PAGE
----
New Age author writes novel “live”

Vera H-C Chan
Senior Editor, Special Projects
The Sideshow

Want to get primed for National Novel Writing Month? Here's your chance to watch the sausage being made.

Silvia Hartmann, a British New Age lecturer on topics like EmoTrance and energy psychology, is exposing the soul-searing process by writing a novel "live" via Google Docs. Hartmann, who also writes fiction under the nom de plume Nick Starfields, began her "Naked Writer Project" Wednesday. Already she has plowed out a dozen chapters of "The Dragon Lords," starting with the first line, "It was not every day that Mrs Delhany found a naked man in the driveway." (The beginning involves Mrs. Delhany learning about this stranger "who had fallen to Earth and landed on her driveway" through a "river [of] information flowing from his hands into hers" and her tomcat.)

As if exposing the raw process wasn't enough, Hartmann will also dare to take reader feedback on the fly, as well as suggestions for the title. She does have some notes for readers and a running word count. Writes Hartmann in her first note:

I'm going to be dealing with this story as I do all stories. I don't sit here and write for hours on end, I write in bursts when I feel like it. And I can't let the pressure of the project change that. So I'm probably going to do a bit of email and such now, general day work and will be resuming in a while. Cheers!

Hartmann hopes to finish the project, perhaps the "first of its kind in that it allows fans to see words being typed," in four to eight weeks.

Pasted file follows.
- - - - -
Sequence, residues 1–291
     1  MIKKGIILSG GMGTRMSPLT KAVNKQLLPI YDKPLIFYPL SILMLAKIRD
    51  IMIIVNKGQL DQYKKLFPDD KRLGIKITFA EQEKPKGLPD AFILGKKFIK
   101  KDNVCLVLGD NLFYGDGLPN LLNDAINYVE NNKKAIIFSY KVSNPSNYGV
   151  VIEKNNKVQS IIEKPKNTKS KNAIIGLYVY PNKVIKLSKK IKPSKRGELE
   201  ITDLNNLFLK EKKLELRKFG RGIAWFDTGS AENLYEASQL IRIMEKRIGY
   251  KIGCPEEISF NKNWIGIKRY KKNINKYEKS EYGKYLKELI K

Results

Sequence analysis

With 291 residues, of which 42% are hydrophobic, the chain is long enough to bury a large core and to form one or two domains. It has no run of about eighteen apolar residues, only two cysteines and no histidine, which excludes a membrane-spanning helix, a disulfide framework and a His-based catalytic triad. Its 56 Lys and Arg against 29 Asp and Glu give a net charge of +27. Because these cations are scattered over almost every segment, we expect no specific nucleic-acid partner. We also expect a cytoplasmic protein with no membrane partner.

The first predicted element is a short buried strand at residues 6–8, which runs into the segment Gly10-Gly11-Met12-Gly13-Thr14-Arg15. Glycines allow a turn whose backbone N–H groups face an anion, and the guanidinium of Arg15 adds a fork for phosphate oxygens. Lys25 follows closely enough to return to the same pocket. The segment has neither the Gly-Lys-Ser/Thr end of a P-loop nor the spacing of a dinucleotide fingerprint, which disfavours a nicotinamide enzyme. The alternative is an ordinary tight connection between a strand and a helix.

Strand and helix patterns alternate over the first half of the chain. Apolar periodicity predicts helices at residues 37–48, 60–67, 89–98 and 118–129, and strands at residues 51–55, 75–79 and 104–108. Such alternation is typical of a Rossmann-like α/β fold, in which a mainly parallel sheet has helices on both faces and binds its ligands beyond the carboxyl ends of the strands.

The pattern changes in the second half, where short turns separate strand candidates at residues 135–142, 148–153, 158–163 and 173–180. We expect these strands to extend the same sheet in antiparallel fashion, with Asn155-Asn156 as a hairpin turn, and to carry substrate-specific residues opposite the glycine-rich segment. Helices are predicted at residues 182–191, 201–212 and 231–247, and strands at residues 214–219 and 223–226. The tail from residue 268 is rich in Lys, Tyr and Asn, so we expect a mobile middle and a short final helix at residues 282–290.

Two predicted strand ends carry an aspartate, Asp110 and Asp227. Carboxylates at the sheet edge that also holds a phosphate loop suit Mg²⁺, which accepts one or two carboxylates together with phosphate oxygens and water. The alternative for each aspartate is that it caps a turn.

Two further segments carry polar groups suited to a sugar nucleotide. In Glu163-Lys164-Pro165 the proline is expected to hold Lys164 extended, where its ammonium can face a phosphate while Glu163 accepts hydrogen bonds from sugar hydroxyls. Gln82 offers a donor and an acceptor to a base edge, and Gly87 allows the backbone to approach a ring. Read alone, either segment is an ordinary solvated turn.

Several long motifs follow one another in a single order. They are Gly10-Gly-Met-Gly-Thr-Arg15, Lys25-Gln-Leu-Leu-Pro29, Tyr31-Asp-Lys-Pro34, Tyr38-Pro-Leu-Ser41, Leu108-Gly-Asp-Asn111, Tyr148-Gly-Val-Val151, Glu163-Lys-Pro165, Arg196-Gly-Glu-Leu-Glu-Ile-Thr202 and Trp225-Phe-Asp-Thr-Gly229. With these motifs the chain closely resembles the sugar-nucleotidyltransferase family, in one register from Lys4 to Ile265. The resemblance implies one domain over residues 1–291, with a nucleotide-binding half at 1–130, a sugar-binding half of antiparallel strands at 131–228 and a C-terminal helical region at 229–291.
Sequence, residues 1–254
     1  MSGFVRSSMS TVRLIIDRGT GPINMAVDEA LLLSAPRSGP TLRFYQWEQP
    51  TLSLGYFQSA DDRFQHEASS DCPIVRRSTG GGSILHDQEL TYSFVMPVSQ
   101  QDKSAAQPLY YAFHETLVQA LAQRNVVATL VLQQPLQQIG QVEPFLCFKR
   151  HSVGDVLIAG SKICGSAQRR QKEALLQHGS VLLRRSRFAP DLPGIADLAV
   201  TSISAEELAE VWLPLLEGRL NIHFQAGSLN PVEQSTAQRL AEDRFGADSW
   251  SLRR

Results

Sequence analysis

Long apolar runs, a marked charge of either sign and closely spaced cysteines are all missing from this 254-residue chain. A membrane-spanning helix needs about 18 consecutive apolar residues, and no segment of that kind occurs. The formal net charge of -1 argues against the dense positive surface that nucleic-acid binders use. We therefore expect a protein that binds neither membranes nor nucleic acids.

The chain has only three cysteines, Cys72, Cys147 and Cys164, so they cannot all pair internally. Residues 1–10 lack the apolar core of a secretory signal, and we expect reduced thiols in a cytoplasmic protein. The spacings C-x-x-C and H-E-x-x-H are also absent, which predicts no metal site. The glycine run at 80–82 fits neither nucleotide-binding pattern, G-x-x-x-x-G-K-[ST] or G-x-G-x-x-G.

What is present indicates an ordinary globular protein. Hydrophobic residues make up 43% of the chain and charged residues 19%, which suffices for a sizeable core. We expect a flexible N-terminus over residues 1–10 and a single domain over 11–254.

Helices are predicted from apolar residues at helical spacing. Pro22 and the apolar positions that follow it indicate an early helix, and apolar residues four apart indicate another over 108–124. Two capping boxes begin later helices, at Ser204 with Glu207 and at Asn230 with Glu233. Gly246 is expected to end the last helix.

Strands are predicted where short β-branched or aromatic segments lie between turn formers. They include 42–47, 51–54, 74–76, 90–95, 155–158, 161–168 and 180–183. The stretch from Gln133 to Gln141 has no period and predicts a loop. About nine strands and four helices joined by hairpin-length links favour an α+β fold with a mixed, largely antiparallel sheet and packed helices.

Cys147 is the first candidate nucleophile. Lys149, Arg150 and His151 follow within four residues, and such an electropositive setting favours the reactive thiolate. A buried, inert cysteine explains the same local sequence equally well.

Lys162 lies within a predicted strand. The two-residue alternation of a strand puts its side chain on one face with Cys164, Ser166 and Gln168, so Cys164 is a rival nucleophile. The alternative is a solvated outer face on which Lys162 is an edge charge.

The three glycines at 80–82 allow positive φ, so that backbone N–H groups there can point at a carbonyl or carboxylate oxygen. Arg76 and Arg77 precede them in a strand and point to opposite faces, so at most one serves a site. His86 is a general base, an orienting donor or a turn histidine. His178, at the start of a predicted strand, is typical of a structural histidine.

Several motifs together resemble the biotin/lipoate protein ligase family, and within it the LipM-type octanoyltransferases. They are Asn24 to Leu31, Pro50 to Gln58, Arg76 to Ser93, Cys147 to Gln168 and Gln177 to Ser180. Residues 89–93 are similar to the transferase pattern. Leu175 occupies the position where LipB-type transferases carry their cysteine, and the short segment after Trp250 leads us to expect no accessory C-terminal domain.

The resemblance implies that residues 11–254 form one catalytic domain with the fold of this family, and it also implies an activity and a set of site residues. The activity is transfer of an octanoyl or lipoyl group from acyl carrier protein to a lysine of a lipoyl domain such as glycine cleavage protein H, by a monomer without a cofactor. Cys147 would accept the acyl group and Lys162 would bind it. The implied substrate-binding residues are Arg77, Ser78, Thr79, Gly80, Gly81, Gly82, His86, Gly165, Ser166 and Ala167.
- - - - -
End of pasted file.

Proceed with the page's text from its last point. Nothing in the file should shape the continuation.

Everyone's a critic—and an author—too. The critics are already weighing in ... or at least the Guardian describes this first pass as "fairly bonkers" but the entire process as "mesmerising."

The author-in-progress herself has acknowledged reader-writer collaborations aren't new: Most recently, a Chicago storyteller named Willy Chyr sought sentence contributions to The Collabowriters, an attempt at an Internet-written novel. So far that effort has included an ignominious start worthy of Bulwer-Lytton:

It was a dark and stormy night. Zachary, wet and miserable, had been dispatched by his father to scamper across town to pick up some drugs for his step-mother. From the road, he could see the still frozen river. It was only March but it was starting to melt. In a week, the ice would be gone. The barbed sweet stenches of sewage wafting up between the ice cracks on the canal were arrogantly broadcasting an early spring. From somewhere across the canal, a soft sound was barely audible over the moan of shifting ice and garbage: "Help."

And of course, "Monty Python" fans might think we're one step closer to having the "Novel Writing" sketch come true. The British comedy troupe did a sketch about Wessex "local boy" Thomas Hardy writing "The Return of the Native" live before a swooning crowd of spectators. An excerpt: "And he's off—it's the first word, but it's not a word. Oh no! It's a doodle way up in the top left-hand margin, it's a piece of meaningless scribble and he's signed his name underneath it. Oh dear, what a disappointing start..."